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Google compromised account scam
© Ramon Ivan Moreno Prieto |
Security & privacy

Don’t fall for this Google scam about a compromised account

Cybercriminals use every trick in their malicious arsenal to steal personal details. That means they often impersonate actual companies through text messages and emails, claiming something is wrong with your account. Tap or click here for Text scams 101: How to spot a fake Google message.

Phishing emails, and text-equivalent smishing, are methods for compromising your accounts and profiles. Unfortunately, attacks are ramping up to the point where Google issued advice on how to beat the criminals.

Read on to learn how this scam works and what you can do about it.  

Criminals impersonating Google to steal account info

Have you ever received an email or text message claiming that there is an unauthorized Google login attempt on your account? Be careful, as that could be one of the latest scams. 

Cybercriminals are sending smishing text messages to trick people into handing over their details. According to Google, the message reads: “Your Gmail has been compromised by hackers. Google needs to call you to verify your identity.” 

This is a scam, and you mustn’t respond. If you do, the criminals ask for your email address and password to “verify” your details. But it is an elaborate attempt to steal your credentials. Other scam variations ask people for their Social Security number, mobile phone number, address or banking details.

How to outsmart smishing scams

It might come across as a vital message with severe consequences, but there are a few things you must do before you take action. As Google explains, your best defense is to slow down and think it through.

If you think something is suspicious with your account, go directly to Google Account security settings and check your recent activity. The page shows all the devices logged into your account in the last 28 days.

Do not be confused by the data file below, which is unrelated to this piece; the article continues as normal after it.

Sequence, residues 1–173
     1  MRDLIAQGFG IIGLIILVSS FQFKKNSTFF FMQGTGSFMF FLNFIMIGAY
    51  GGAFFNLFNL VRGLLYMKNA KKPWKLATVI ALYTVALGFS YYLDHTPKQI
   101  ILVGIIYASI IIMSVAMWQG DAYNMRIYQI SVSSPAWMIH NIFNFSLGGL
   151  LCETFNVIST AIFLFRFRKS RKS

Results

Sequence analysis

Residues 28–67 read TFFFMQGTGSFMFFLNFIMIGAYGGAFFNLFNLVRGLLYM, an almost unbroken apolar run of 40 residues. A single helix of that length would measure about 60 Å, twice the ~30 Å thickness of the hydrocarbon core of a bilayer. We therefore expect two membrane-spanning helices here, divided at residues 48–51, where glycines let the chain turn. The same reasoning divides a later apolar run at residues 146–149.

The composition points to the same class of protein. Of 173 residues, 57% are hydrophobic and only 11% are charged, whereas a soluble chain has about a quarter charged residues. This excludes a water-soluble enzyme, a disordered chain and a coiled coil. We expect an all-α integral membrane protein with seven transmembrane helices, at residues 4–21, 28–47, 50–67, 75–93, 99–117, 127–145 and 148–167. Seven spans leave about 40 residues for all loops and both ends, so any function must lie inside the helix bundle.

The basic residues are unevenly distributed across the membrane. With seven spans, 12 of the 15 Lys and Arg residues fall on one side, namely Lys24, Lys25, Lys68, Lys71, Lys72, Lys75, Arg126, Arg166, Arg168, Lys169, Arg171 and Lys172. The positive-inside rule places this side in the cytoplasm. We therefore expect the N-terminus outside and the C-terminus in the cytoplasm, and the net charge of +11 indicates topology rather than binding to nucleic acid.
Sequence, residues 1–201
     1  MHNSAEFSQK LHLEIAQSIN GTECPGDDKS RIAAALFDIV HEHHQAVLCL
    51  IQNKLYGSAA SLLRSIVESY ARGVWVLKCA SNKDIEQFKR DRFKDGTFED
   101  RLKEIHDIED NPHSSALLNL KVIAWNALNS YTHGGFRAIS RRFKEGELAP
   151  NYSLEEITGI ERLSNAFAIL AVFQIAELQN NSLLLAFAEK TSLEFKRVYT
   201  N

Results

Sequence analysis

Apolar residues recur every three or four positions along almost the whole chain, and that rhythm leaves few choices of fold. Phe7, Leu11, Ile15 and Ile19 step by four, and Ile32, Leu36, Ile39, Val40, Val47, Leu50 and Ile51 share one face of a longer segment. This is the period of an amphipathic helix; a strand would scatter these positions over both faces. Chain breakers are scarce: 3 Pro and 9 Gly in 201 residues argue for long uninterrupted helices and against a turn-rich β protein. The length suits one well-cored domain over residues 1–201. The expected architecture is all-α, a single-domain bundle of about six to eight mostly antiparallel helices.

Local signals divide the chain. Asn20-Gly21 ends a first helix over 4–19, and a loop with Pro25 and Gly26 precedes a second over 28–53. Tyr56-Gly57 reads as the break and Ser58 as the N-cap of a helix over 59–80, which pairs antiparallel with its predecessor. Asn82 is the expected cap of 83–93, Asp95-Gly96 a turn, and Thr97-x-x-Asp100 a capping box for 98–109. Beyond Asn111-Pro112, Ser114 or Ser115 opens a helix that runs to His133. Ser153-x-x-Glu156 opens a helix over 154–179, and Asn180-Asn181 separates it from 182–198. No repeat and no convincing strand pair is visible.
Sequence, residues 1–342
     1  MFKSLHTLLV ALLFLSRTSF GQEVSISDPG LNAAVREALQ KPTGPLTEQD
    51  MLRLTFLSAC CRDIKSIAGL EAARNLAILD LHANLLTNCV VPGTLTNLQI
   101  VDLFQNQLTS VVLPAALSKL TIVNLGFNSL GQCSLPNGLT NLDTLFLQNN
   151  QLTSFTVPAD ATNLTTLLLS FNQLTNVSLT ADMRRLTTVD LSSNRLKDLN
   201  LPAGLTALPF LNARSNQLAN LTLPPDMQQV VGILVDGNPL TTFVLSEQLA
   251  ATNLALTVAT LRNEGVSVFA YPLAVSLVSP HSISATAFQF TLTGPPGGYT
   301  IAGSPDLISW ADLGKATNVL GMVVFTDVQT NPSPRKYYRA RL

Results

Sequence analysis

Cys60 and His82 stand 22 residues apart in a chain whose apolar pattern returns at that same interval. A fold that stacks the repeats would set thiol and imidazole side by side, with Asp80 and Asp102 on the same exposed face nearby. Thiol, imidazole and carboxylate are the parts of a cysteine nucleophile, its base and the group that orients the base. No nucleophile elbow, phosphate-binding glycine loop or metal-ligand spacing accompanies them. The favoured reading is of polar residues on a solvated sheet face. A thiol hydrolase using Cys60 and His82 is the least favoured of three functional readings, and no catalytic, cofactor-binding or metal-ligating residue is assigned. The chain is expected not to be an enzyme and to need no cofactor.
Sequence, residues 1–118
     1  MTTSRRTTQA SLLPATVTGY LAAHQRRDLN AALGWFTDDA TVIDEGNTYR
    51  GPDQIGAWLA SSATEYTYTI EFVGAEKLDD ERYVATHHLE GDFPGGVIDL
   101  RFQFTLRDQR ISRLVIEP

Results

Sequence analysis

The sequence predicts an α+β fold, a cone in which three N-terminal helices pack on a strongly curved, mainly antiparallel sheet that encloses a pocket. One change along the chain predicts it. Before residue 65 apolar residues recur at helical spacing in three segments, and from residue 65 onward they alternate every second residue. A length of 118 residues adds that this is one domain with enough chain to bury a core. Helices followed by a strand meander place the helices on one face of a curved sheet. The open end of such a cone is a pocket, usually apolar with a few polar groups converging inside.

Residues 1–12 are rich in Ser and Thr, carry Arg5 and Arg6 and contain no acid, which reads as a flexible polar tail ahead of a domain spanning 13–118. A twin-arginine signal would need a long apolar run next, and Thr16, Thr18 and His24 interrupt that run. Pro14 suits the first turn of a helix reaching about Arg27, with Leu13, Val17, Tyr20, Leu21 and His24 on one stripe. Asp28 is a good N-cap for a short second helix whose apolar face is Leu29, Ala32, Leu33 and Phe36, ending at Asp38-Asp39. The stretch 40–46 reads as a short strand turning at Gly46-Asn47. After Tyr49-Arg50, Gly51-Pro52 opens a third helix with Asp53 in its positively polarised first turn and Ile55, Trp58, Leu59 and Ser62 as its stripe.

From there, click on a device or session to see more details. Spot something that isn’t right? There is a button to log out from a device to protect your account. 

Here are some other tricks you can use in the fight against spam messages and malicious emails:

  • Don’t respond to unsolicited text messages or emails claiming your account is compromised. Instead, forward the message to your phone carrier’s SMS spam reporting number. For most carriers, this number is 7726.
  • Google will never send you a text message asking you to respond by text or phone call to verify your identity. If you receive one, it is most certainly a scam.
  • Change your email and social media passwords often. You should do this at least once every two months, and they must be strong passwords and unique for every account.
  • When available, enable two-factor authentication. This is an extra step to protect your online accounts.
  • Always have a trusted antivirus program updated and running on all your devices. We recommend our sponsor, TotalAV. Get an annual plan with TotalAV for only $19 at That’s over 85% off the regular price!

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